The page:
There’s a scene in Inside Out, the new Pixar movie about the inner life of a young girl, that illustrates how the brain forgets. In Pixar’s rendering of the brain’s interior, memories are stored in brightly colored globes. When a memory begins to weaken, its color fades and eventually turns gray. Then a cleaning crew comes in to expunge the grayest globes, paying no heed to the memory contained within, even if it is important or interesting. It’s a funny visual of “use it or lose it,” that sad fact of human memory. Watching that scene, I thought, of course, of all the times I’ve had to click the Did you forget your password? link. Then I thought of all the books I read as a child, especially the “chapter books” I read in elementary and middle school. They seem more lost, somehow, than the books I read in my teens and early-20s. The premises and characters of these books I may have forgotten, but their titles and authors I can still recall. But the books I read from ages nine to 12 are different. During those years, I consumed books the way a child does: quickly and without discernment. I don’t even remember having strong opinions about them. It was as if the things I read were just a passing landscape -- what would be the point of saying I liked one landscape better than another? I knew I would never go down that particular road again. This is a long way of saying that I recently happened upon one of these landscapes. For years, I’ve had a very, very dim memory of having read a book about a girl who time travels while she sleeps. But that was all I could remember. I had no author or title, no idea of the cover or the year it was written. I wasn’t even sure if it was a book. Sometimes I would ask people if they remembered reading or watching such a story. No luck. Oh well, I thought. It probably wasn’t a very good book, anyway. Happily, I was wrong. The book is good, really good. I discovered it while browsing The New York Review's online catalog of children's books. I was looking for a gift for my 10-year-old niece, and I read a novel synopsis that sounded very much like my dim memory: Charlotte Sometimes, by Penelope Farmer. You might recognize the title from The Cure whose 1981 single “Charlotte Sometimes” was inspired by Farmer’s book. (Charlotte Sometimes was first published in 1969, when Robert Smith would have been 10.) After re-reading it, I thought, yeah, I can see why this novel inspired The Cure. It’s a somewhat gloomy book, an eerie story about childhood, identity, loneliness, and death. At the same time, it has all the pleasures of a good time-travel yarn. The premise is simple: a girl, Charlotte Makepeace, arrives at boarding school, falls asleep in her new dormitory, and wakes up in the same dormitory bed, only it’s 1918, 40 years earlier. There’s a war going on and her classmates are completely different. Everyone calls her “Clare.” The next morning, Charlotte wakes up to find that she’s back in her own time. The next morning, she’s back in 1918. After a few days of going back and forth between the past and present, Charlotte realizes that she’s switching places with Clare. She and Clare begin to leave notes to help each other cope. Because Charlotte is the new girl, and no one knows her, hardly anyone notices that Clare is taking her place. But Clare’s sister, Emily, immediately realizes that Charlotte is an impersonator, and demands to know what is going on. Charlotte doesn’t know. The best she can guess is that it has something to do with the bed that she and Clare share. Charlotte is right about the bed; disaster strikes when Charlotte, during one of her 1918 visits, is moved out of the dormitory and into a new bed. Without the magic bed, Charlotte can’t get back to her time. She’s terrified, and at the same time a little relieved to have a break from her nightly commutes, which leave her reeling at the beginning of each day as she tries to catch up on what she missed during the previous day. One of the things I liked about the book as an adult (and probably also as a child) was how faithful the novel is to Charlotte’s point of view. Not only do we never hear from any other character, including Clare, (who is presumably dealing with her own confusion in 1958), the book also doesn’t spend a lot of time dealing with the logistics of time travel or the differences between life in 1958 and 1918. Instead, the book focuses on Charlotte’s precarious sense of identity as she shifts between being herself and impersonating Clare: And she thought, uncomfortably, what would happen if people did not recognize you? Would you know who you were yourself? If tomorrow they started to call her Vanessa or Janet or Elizabeth, would she know how to be, how to feel, like Charlotte? Were you some particular person only because people recognized you as that? Later, after being stuck in Clare’s time for many weeks, Charlotte’s sense of self begins to weaken even more: Charlotte began to dream she was fighting to stay as Charlotte, and one night woke from such a dream struggling, even crying a little. When she was calm again, she did not feel sleepy at all, so she lay still, carefully and deliberately making herself remember Aviary Hall, object by object, room by room. Also she made herself remember things that had happened to her there, as Charlotte, but it was alarming how the details seemed to slip away from her. Even when she tried to conjure up her sister Emma’s face, she kept on seeing Emily’s. Adolescence is all about forging an identity, and this novel speaks to those questions of “who am I?” and "how do other people see me?" in an abstract, haunting way. Even as an adult, I occasionally wonder what kind of person I would be had I grown up in a different era. For me this question is a feminist one, since my identity would have been limited in certain ways had I been born 40 years earlier. Charlotte Sometimes doesn’t have a feminist agenda, yet it does give a rare portrait of the lives of girls and women during wartime. It also shows how the past can live on in the present. One of the central mysteries of the novel is how Clare and Charlotte are connected across time and why they are able to switch places. I won’t spoil it here except to say that I found the ending very satisfying, and even though I had no specific memory of it, it’s probably the reason that the book stuck with me for all these years. For those of you with middle-grade children, I recommend Charlotte Sometimes wholeheartedly, and for those of you who may have read it as a child, I recommend returning to it, if only because rereading is one of the only forms of time travel available to us. One of the surprising joys of reading picture books to my toddler son is glimpsing an illustration or reading aloud a phrase that suddenly registers as familiar and beloved. What seems forgotten is only waiting to be rediscovered.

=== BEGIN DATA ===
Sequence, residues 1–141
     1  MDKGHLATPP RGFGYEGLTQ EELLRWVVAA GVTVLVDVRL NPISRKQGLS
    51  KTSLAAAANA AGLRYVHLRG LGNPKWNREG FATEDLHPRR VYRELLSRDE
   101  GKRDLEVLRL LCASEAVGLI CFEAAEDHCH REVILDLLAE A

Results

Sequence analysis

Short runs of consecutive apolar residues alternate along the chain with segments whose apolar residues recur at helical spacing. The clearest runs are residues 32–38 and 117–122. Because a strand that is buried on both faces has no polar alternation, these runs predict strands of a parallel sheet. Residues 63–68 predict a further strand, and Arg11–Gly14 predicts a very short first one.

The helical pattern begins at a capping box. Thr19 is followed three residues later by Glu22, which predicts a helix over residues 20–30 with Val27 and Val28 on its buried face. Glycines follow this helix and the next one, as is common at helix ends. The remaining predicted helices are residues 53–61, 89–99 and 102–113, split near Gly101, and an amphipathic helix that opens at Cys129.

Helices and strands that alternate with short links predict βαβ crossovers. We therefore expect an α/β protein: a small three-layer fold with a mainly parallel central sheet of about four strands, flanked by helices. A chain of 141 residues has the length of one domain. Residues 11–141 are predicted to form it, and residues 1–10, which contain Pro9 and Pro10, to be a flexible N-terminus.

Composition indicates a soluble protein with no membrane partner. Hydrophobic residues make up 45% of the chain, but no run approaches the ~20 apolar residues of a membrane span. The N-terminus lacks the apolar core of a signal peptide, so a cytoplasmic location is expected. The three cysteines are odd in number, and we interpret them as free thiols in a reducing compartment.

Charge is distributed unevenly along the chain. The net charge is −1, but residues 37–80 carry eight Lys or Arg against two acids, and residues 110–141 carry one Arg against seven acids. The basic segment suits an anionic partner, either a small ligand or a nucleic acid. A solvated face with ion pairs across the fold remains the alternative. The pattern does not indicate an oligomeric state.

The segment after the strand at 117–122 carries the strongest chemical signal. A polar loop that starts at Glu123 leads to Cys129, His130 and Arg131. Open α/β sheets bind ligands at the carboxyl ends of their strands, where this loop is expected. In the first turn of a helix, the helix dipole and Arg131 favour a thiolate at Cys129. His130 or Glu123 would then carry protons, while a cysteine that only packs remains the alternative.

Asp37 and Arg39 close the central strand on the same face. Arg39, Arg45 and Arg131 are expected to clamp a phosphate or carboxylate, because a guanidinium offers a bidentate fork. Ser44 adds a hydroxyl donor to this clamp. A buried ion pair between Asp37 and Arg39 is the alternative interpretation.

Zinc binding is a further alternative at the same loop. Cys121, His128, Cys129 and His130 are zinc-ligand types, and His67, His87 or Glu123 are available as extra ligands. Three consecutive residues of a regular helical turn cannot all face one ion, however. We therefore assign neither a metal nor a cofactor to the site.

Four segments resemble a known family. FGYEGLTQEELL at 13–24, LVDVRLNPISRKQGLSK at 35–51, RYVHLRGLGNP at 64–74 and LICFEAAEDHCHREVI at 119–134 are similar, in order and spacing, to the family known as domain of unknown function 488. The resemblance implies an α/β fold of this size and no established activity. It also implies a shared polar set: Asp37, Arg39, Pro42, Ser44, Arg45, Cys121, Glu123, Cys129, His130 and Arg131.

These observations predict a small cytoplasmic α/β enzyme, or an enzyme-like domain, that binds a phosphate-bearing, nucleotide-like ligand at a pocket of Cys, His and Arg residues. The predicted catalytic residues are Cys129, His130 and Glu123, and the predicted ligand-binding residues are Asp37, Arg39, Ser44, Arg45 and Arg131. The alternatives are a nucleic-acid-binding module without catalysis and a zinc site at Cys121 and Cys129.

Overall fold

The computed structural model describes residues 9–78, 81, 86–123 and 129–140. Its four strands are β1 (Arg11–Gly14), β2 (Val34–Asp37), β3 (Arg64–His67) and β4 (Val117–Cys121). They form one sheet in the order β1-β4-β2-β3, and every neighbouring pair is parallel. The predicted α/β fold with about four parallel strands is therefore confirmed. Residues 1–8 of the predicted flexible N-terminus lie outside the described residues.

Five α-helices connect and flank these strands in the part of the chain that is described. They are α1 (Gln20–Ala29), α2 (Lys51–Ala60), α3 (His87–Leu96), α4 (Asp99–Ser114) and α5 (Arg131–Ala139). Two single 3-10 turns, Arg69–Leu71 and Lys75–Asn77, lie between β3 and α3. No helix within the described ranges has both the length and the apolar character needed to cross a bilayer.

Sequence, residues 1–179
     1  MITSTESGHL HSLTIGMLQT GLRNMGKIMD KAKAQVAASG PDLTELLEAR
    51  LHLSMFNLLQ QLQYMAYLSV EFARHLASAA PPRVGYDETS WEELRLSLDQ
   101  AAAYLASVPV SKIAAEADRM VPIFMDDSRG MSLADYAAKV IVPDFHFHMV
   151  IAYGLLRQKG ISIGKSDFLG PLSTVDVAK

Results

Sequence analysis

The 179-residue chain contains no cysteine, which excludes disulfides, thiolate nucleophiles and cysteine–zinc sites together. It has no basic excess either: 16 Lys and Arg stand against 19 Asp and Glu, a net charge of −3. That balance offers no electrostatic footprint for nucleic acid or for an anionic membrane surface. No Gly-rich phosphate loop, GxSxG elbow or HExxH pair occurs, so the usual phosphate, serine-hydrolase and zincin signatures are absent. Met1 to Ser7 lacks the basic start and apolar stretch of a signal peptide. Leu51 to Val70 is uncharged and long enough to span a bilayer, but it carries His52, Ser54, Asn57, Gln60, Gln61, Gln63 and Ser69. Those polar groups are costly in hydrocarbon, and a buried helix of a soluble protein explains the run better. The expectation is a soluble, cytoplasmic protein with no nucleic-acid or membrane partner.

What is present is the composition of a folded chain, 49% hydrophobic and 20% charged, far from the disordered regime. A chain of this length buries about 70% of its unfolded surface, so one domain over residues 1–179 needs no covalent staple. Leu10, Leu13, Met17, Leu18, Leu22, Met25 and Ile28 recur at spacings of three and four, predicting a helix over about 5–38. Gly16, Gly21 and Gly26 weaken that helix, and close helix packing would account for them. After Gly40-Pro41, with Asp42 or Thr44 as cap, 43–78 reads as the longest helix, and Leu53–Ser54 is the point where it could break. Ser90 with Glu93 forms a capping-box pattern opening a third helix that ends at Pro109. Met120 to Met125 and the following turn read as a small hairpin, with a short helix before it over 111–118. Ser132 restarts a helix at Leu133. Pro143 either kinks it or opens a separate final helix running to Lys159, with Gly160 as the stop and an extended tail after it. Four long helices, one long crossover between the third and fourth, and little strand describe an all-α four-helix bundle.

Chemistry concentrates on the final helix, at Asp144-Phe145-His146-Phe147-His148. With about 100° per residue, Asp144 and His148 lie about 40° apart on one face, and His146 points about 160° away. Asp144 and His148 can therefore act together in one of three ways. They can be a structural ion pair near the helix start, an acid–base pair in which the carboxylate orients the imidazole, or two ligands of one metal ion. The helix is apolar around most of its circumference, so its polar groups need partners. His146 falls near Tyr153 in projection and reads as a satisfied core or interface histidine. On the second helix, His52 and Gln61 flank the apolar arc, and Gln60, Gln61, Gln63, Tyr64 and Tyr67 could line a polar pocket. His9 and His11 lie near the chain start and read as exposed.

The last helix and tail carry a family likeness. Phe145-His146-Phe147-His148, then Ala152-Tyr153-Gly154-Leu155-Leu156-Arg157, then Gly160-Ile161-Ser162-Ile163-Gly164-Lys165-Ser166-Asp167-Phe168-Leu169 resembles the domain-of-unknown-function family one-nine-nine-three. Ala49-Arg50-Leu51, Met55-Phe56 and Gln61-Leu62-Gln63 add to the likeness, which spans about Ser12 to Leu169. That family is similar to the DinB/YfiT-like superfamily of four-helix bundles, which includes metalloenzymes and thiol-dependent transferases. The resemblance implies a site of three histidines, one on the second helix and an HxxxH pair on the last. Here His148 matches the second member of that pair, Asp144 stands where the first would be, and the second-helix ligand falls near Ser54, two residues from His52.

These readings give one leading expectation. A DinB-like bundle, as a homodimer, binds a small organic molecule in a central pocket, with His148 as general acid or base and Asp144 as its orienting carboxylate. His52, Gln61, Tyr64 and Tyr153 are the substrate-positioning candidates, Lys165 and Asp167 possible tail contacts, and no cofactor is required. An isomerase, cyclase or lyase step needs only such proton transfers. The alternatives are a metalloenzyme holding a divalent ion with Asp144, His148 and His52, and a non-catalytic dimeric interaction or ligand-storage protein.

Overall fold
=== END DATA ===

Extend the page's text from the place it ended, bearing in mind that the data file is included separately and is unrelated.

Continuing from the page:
If you read one 500-page classic of Georgian literature this year, make it Mikheil’s Javakhishvili’s galloping 1924 epic, Kvachi Kvachantiradze. Contemplating the exploits of its titular conman, who has the "acute nose and instinct of a pedigree hound," brings to mind the description of Lucien de Rubempré, the protagonist of Honoré de Balzac’s Lost Illusions: “He’s not a poet, this young man: he’s a serial novel!” Unlike Lucien and the Bildungsroman heroes of similarly panoramic novels, Kvachi makes no claims to be an aesthetic creature. On his European voyage, the thieving rogue stays in bed to peruse his pornographic collection rather than visit the Strasbourg Cathedral, wonders why someone doesn’t glue some arms onto the Venus de Milo, and says the following of Auguste Rodin’s “Thinker:” “That man is thinking up some great plot, I know. I wish I could meet him, he’d be a good comrade.” (What better proof that all criticism is a mode of autobiography?) And yet the boorish Kvachi does share one crucial trait with his Balzacian forbears: he is incapable of living a plot-free life. In his brief introduction to newly released English translation, the scholar and translator Donald Rayfield writes of Kvachi's author’s sad fate during the Stalinist regime’s Great Terror of 1937. Javakhishvili was tortured and executed after praising the courage of a poet who shot himself rather than denounce his fellow writers for their alleged anti-revolutionary tendencies. One wishes that the laws of picaresque fiction applied to life and that Javakhishvili could have magically been blessed with the same Houdini-like powers of his unscrupulous protagonist, who cheats death many a time throughout his larcenous career. What the slippery, often-hunted Kvachi lacks in integrity he makes up for in ingenuity. On the run from the Red Army’s secret police, he draws up a search order to “find and arrest the notorious counter-revolutionary, saboteur, and bandit Kvachi Kvachantiradze.” Kvachi himself then stops in at the local police departments of each town to check if the wanted man -- that is, himself -- is in the area. “My god,” says one of his associates, “So you’re searching for yourself, then?” Apart from revealing Kvachi’s brazenness, the clever ruse points to something more fundamental about his restless character. The episodic Georgian novel dramatizes Kvachi’s fruitless search for himself, for some feat that will satisfy his insatiable desire for power, women, and money, and finally “bridle his fate’s headstrong Pegasus.” Kvachi is born into a family of provincial inn-keepers on a portentous day that is “deceitful, false, and treacherous.” (Kvachi will be all three.). The young Kvachi has the “unusual ability to divine people’s characters” and lives according to the following maxim: “Never refuse anybody anything, but only honor your promises if it’s profitable for you today or tomorrow at the latest.” The novel, which began as a series of sketches, hurtles from one of Kvachi’s scams, scrapes, or seductions to the next, pausing every so often to drive home the monstrosity of its hero. Kvachi is a philistine, attempted rapist, blackmailer, and cold-hearted murderer, not a lovable cad. He begins his unsavory career with lower-stakes swindles and acts of thuggery in his homeland: scamming shopkeepers, defrauding his elderly landlady out of her house, setting up a fake anarchist group to extort rich students or convince one stubbornly honest teacher to pass him and his friends. The future crimes carried out by him and his loyal (to an extent) co-conspirators range from inspired -- robbing a bank while posing as a film director shooting a bank robbery scene -- to unimaginative and brutal—blackmailing a lover with pictures taken of them in flagrante. His schemes are all excessive, indicative of a compulsion to defraud that goes beyond mere greed. When the tone-deaf Kvachi rents a grand piano for a summer, he sells it not once but three times before skipping town. In one of the worst HR decisions of all time, an insurance company hires Kvachi to sell policies. He quickly figures out that bilking clients is hard work and takes out several policies of his own. A remarkable string of bad luck naturally ensues: “We never had any illness in our family. The day before yesterday my father died. He passed away so suddenly that he couldn’t say a word. The next day our house in Kutaisi burnt down. Now I’ve had a bad accident.” Kvachi provides its share of local Georgian color, but there is little provincial about it. Georgia, which enjoys a brief spell period of independence between the Tsarist and Soviet regimes, is a country “not even a hundred people on earth have even heard of.” As such, it soon proves unsuitable to Kvachi’s outsized ambitions, prompting him to travel first to Odessa, then on to Russia: “...everything in mysterious and infinite Russia was prepared for him, longing and waiting, like an unhappy woman for her fairytale prince.” To devise a persona compatible with this destiny, Kvachi simply anoints himself Prince Napoleon Apollonovich Kvachantiradze. In an entertaining illustration of the narcissistic logic that allows him to inhabit his characters, he subsequently sees the real Napoleon Bonaparte’s golden dinner plates on display and buys a similar set for himself: “Well, am I worse than him? I have his name!” In St. Petersburg, Kvachi quickly ingratiates himself into Grigori Rasputin’s inner circle. When not participating in orgies with the debauched (and well-endowed) holy man, he takes charge of lucrative government contracts in Turkestan, facilitates international arms deals and, oh yes, foments the Russian Revolution, which erupts just in time to save him from the first of his death sentences. (The Revolution prompts Javakhishvili to momentarily rise above Kvachi’s cynical machinations and show, through a remarkable allegory about two Russian brothers, how world historical events are driven by more profound forces than venality.) As he languishes in a cell awaiting his hanging, Kvachi is hounded by an impish inner voice urging him to confess his extensive misdeeds. Alas, the rakish sociopath is not one to repent, neither to his interrogators nor to himself: “Leave me alone! The past is past. Why the hell do you want the truth? Anyone can tell the truth -- idiots, savages, and babies.” Kvachi’s self-directed outburst advocates for the primacy of fiction, natural given that he is a creature forged entirely from fictions, beginning with the fake certificate of nobility his father purchased for the family at the age of five. His art depends on bribed newspaper editors, carefully sown lies, and phony mandates. Forced to flee St. Petersburg during the Revolution, one of Kvachi’s crestfallen lieutenants informs him that the only thing he has managed to save are some seals and rubber stamps. Kvachi, aware that having the power to authorize new fictions is infinitely more valuable than the trainful of palace treasures he has lost, reassures his compatriot: “You’ve saved everything!” So entirely does Kvachi forge his character that when he finds himself on a Turkish battlefield, he suddenly becomes something other than a fraud. Too fickle to be a true poltroon, he miraculously transforms (temporarily) into a real hero: That instant had reversed and aborted Kvachi’s life and character and endowed him with something miraculous and otherworldly. The old Kvachi had died another one, unfamiliar and new, was born a moment later, as proud and unbending, courageous and fearless as Leonides at Thermopylae, Alexander the Great, or Erekle King of Kakheti, or Napoleon at Arcola. Despite not being particularly introspective, Kvachi does occasionally sense that his true “personality” is nothing but a bottomless pit of undefined longings. Upon first seeing the Black Sea from a train, we read: The sea was beautiful at a distance, but Kvachi intuited its treachery, its changeability, and in anticipation he was filled with fear, trembling, and distrust. The sea’s grandeur terrifies him. Sublimity can’t be manipulated, or conned, or blackmailed. The sea can in no way be channeled to serve Kvachi; at most it can only mirror his own roiling nature. He bears torture more stoically than this insight into the limits of his power and the vagueness of his desires. We last see Kvachi as the kept man of a Turkish Madame, a fate that somewhat punctures his lofty image of himself as a “free soaring eagle” destined for greatness. In the novel’s final scene, Javakhishvili addresses the aging, and still restless, libertine: “So what do you want, then? I don’t think you know! I understand you, Kvachi Kvachantiradze! I understand you, my Kvachi! I understand you, my little Kvachi! I understand...I understand...” A later, 1934 version would be harsher on Kvachi, telling him to “rot in [his] pit,” but in the original (and in this English translation), Javakhishvili closes with this more empathetic gesture toward his sordid creation, whoever he is beneath his guises.